Working Out? Don’t Forget to Train Stabilizer Muscles

By: Jenson Little, SPT

Stabilizer muscles

Did you know that your body has two different kinds of muscles? If you’ve heard of fast-twitch and slow twitch muscles, those are not what I am about to speak of. I’m here to talk about the two vastly separate ways different muscles can help you function.

Stabilizers v.s. Prime Movers

The first type of muscle is called the Prime Mover. Some muscles that are prime movers include your biceps/triceps (arm muscles), Pecs (chest muscles) and quadriceps (upper thigh muscles). These muscles are large and are built to produce a large amount of force in order to create movement. These are the muscles you usually train at the gym.

The second kind of muscle is referred to as a Stabilizer. As the name implies, these muscles are built to stabilize your joints as you move. They are typically smaller, deeper muscles that go unnoticed when you are training at the gym.

The importance of training stabilizers:

It is important to train stabilizer muscles in order to remain injury free and prevent physical dysfunction. Here are some applications that are all too common:

The scapular muscles (The muscles in your middle/upper back), are meant to maintain proper positing of your shoulder joint. If these muscles are not trained, and the pec (chest muscles) become too tight, an individual is likely to develop forward rounding shoulders. This posture is commonly seen in those with shoulder pain.

The core muscles are meant to stabilize your mid-section. Many individuals become unbalanced in their core and develop overactive lower back muscles, and weak abdominals (stomach muscles). This is a common pattern seen in individuals experiencing low back pain.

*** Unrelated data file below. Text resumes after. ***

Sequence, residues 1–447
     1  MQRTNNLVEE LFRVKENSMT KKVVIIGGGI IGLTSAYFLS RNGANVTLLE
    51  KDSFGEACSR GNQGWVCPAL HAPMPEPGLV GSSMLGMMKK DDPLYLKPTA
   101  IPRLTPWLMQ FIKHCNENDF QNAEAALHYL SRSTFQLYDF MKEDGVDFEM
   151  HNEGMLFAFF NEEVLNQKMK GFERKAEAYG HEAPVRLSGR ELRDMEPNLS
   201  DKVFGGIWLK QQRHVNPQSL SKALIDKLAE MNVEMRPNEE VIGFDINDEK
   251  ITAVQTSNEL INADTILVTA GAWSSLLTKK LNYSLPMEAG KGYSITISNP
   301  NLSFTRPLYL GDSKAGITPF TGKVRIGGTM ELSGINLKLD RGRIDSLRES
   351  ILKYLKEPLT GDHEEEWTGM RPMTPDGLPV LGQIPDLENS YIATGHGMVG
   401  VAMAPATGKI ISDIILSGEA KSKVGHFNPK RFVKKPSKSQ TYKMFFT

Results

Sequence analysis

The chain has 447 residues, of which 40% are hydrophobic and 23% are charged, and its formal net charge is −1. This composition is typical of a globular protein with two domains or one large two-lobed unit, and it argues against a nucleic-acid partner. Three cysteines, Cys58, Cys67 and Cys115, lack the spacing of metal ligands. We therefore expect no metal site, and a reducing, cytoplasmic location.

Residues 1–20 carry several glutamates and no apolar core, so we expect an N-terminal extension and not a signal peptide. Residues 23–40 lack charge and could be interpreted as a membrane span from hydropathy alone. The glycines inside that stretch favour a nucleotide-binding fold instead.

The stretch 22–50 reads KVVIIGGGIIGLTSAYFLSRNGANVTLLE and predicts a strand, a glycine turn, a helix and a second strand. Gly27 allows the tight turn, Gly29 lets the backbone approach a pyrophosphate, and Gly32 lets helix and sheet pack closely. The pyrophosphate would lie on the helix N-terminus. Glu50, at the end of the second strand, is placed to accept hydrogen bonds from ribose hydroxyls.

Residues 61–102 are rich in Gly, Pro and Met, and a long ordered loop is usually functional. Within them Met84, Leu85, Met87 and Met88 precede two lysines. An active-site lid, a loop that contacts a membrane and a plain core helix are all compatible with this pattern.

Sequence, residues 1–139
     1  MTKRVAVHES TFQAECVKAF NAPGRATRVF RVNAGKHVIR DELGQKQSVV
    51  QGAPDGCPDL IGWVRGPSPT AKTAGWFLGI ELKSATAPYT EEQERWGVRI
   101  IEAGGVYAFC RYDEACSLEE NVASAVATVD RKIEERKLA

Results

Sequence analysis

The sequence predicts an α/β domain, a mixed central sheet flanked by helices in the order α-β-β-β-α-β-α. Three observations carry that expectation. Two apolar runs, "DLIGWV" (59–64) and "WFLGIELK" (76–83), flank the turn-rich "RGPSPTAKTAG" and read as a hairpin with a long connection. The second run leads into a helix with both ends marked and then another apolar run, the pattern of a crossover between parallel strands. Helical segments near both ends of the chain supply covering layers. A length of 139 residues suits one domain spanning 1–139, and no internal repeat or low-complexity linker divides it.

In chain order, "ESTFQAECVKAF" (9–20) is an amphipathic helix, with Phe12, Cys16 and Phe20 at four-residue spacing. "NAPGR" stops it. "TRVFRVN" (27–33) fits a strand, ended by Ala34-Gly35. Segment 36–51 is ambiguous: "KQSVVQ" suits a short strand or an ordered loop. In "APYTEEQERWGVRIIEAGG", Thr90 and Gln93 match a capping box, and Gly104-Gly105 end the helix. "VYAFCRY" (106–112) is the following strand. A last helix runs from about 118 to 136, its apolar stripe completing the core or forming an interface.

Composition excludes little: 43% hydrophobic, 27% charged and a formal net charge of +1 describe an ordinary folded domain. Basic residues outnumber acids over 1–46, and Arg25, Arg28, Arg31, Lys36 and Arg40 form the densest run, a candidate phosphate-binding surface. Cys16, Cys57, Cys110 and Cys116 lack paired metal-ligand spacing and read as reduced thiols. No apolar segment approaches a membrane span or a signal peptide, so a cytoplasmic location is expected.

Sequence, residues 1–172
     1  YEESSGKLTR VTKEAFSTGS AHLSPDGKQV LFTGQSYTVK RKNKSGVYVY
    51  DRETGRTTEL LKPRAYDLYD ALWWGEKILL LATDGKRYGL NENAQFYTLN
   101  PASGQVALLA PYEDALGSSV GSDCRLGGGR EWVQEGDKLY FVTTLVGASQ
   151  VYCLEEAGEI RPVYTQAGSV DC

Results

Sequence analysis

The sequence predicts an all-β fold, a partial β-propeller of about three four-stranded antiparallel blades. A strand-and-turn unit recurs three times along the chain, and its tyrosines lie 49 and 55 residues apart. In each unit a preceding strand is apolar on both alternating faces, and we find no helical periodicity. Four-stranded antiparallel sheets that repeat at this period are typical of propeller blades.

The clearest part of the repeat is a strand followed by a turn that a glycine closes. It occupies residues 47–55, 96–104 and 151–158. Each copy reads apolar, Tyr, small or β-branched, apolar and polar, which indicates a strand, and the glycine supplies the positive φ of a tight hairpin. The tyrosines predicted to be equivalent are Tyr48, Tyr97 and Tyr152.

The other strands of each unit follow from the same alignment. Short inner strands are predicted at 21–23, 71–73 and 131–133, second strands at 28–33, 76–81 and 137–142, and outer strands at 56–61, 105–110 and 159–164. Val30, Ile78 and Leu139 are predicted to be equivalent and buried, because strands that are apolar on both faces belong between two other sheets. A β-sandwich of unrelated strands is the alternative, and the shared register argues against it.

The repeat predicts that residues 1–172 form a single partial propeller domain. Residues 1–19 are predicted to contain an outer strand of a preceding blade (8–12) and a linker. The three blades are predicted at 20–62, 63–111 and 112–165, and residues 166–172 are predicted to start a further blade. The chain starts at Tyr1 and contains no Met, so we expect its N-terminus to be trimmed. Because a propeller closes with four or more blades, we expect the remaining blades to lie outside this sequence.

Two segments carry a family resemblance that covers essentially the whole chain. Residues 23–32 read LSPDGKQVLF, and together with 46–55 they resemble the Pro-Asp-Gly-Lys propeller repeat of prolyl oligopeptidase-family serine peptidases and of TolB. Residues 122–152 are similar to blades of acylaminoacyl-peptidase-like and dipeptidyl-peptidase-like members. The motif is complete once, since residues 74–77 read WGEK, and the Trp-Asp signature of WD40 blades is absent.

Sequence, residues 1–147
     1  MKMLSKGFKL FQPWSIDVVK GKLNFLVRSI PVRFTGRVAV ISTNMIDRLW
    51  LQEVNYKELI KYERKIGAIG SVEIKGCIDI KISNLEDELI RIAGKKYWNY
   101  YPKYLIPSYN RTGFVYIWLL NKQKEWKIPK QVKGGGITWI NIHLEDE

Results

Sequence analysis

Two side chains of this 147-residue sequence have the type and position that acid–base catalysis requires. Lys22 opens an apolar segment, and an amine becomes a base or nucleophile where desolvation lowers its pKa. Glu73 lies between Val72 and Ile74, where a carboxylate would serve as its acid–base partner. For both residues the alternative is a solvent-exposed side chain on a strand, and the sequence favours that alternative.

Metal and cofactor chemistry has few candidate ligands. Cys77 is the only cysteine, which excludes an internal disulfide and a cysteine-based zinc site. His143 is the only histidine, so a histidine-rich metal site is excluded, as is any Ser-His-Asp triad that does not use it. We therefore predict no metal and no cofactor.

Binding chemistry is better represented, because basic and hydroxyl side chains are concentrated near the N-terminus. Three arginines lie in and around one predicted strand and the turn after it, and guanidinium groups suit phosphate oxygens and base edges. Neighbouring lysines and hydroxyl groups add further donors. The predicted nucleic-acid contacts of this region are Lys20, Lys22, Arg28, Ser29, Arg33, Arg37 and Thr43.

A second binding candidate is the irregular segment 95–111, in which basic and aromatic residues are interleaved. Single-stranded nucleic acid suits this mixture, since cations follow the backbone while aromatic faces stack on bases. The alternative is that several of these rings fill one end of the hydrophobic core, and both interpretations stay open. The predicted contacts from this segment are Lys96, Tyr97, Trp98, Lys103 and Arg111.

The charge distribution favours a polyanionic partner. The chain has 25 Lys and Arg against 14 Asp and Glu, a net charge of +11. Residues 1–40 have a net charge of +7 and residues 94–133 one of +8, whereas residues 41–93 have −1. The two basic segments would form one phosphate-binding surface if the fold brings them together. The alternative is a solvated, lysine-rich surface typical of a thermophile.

Your abductors (muscles of the hip that move the leg away from the midline) are essential for many functions in daily life. They are the muscles that help keep your pelvis stable as you walk, and prevent your knees from buckling in when you sit or squat. Hip and knee pain can commonly be (in part) attributed to weak abductors.

So how do I train my stabilizers?

There are various ways you can exercise and train stabilizer muscles.

You can isolate them.
As mentioned above, the stabilizer muscles are not typically meant to cause movements at the joints. For this reason, three sets of ten may not be the best route for training these muscles. It is more important to use these muscles to resist movement, so three repetitions of a 10 second hold would be more suitable. Keep in mind that the stabilizers are small muscles, so you should not be using large weights for these exercises.

Focus on form
Start light! If you are unable to maintain good form while exercising, you risk injuring yourself. It may be time to decrease the weight and focus on your mechanics. Focusing the example of a squat, keeping your spine neutral allows you to engage your abdominals, while keeping your knees tracking over your toes instead of allowing them to buckle will allow you to engage your hip abductors.

Add variety!
Using dumbbells instead of machines forces you to engage your stabilizers during your program. Additionally, wobble-boards, medicine balls, and body-blades are other great tools you can use to engage your stabilizers.

The therapists at Capital Area PT and Wellness work with you to ensure you are maximizing function as you move. Doctors Andrew J Gaetano, PT, DPT, OCS, CSCS and Evan J Marsh, PT, DPT can provide professional sports screening and injury prevention. Contact them at their Saratoga / Malta or Queensbury / Glens Falls PT clinics for more information.

2018-07-25T21:23:22+00:00